Poetic Perspectives on Prison

Northeast LibraryRead Feed

Poetic Perspectives on Prison

Lives and Literature Behind Bars

The United States has the highest rate of incarceration in the world, making prison culture a topic of constant political and social relevance in our country. The subject of incarceration is also a compelling source of inspiration for many poets. The following recommended books are written by formerly incarcerated artists or writers inspired by the experience of prison.

Bastards of the Reagan Era by Reginald Dwayne Betts
Betts was a 16-year-old honor student when a carjacking landed him in prison for more than eight years, including a year spent in solitary. Through his experience, Bett discovered his voice as a writer. Bastards of the Reagan Era is his third and most recent book, in which he explores the devastating effects of the “war on drugs” on his generation of young men of color and the wave of mass incarceration it spurred.
 
To Float in the Space Between: A Life and Work in Conversation with the Life and Work of Etheridge Knight by Terrance Hayes
Mississippi native Etheridge Knight famously wrote on the back cover of his first book, Poems from Prison: “I died in Korea from a shrapnel wound, and narcotics resurrected me. I died in 1960 from a prison sentence and poetry brought me back to life.” While serving eight years for armed robbery, Knight found poetry and became an influential figure in the Black Arts Movement. In To Float in the Space Between, National Book Award-winning poet Terrance Hayes weaves autobiography, biography, literary criticism, essay and drawings into a compelling book about how a person evolves into a poet. He links his experiences with Knight’s, shedding insight on the lives and creative processes of two beloved American poets.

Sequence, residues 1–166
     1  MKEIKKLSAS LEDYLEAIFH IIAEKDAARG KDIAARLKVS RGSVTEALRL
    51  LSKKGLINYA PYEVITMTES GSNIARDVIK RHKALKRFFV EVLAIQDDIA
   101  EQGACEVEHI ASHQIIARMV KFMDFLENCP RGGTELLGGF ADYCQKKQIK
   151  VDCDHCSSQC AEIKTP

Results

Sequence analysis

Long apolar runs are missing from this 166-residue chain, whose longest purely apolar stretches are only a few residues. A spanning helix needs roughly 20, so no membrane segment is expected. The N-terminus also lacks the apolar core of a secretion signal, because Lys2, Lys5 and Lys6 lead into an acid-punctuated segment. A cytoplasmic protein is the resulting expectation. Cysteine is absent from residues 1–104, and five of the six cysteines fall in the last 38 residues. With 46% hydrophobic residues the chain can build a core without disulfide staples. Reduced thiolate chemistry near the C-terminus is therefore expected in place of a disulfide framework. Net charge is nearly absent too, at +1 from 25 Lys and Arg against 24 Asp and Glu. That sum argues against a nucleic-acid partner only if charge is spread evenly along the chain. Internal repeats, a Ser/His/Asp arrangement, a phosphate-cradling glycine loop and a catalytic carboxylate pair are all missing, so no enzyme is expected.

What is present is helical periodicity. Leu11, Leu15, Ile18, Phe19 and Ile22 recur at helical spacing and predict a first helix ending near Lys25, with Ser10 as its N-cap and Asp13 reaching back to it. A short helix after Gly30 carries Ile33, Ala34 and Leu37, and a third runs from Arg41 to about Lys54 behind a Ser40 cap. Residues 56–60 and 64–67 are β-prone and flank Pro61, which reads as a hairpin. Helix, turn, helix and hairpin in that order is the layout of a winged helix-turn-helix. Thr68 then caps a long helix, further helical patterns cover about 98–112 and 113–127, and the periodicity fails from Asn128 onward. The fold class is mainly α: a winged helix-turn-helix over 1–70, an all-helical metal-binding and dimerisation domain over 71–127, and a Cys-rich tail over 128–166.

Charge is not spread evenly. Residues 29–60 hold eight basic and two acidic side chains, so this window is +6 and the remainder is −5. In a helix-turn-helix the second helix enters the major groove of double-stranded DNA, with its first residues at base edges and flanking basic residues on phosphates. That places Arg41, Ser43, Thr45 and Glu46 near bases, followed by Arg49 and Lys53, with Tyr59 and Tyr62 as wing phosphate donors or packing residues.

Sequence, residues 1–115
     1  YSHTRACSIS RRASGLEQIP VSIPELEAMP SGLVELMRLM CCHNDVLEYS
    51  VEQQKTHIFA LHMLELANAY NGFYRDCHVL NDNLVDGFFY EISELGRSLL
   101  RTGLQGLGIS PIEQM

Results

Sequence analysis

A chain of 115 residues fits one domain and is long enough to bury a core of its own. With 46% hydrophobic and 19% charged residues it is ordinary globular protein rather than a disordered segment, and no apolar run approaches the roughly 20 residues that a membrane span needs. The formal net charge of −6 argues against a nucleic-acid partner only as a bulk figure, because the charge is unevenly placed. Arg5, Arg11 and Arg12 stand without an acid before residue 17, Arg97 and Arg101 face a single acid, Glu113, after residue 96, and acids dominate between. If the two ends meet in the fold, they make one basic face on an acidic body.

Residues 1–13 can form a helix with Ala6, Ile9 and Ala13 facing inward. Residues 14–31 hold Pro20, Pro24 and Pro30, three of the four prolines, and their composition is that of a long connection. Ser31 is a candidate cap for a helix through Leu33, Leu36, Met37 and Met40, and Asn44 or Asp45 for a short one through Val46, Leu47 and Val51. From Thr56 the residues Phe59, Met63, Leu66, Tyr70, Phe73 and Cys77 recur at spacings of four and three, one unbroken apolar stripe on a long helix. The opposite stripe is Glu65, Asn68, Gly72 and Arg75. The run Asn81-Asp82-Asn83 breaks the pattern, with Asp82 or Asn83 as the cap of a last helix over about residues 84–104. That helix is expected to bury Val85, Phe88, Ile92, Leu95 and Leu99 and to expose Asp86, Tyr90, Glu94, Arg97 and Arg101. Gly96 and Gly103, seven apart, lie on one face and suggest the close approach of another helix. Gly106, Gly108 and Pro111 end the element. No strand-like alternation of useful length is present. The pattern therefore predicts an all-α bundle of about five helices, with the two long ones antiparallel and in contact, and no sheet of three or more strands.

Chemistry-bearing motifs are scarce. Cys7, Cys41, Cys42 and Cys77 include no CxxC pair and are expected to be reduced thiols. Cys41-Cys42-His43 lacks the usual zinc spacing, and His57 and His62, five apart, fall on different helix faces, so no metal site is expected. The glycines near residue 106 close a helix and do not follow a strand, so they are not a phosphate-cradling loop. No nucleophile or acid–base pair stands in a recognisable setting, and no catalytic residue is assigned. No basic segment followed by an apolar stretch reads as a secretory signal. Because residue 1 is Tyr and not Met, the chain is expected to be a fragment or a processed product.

Singing at the Gates by Jimmy Santiago Baca
At the age of 13, Baca ran away from the orphanage where he was placed, and landed in prison eight years later on drug charges. While incarcerated, Baca learned to read and write and became an avid poet. Over a dozen books of poetry later, Baca remains engaged in using writing to turn lives around, as evidence by his work with at-risk youth and formerly incarcerated people through his non-profit Cedar Tree. Singing at the Gates is a compilation of four decades of his poetry, which vividly meditate on family, imprisonment, oppression, and freedom. His unique perspective as an American of both Chicano and Apache descent provide a powerful lens to his verse.
 
Stay, Illusion by Lucie Brock-Broido
While Brock-Broido never personally spent time behind bars, Stay, Illusion delves into the experience of death row in part of her book, using the stories of the executions of Ricky Ray Rector and Stanley “Tookie” Williams. In these mournful poems, she addresses the prison industrial complex, explores the concept of victimhood, and evokes the American aversion to clemency. Stay, Illusion is a powerful book inhabited by ghosts.
 
Words without Walls: Writers on Addiction, Violence, and Incarceration, edited by Sarah Shotland and Sheryl St. Germain
As demonstrated by the stories of the previous poets, writing while incarcerated has proven to be a form of rehabilitation and reclamation. Words without Walls is an anthology of more than 75 poems, stories, essays and scripts that aim to inspire reflection and creativity for budding writers in prisons, shelters and halfway houses. Contributors to the anthology include literary greats like Sharon Olds, Gwendolyn Brooks, and Tim O’Brien. A recommended read for those interested in the power of language to heal pain and confront the past.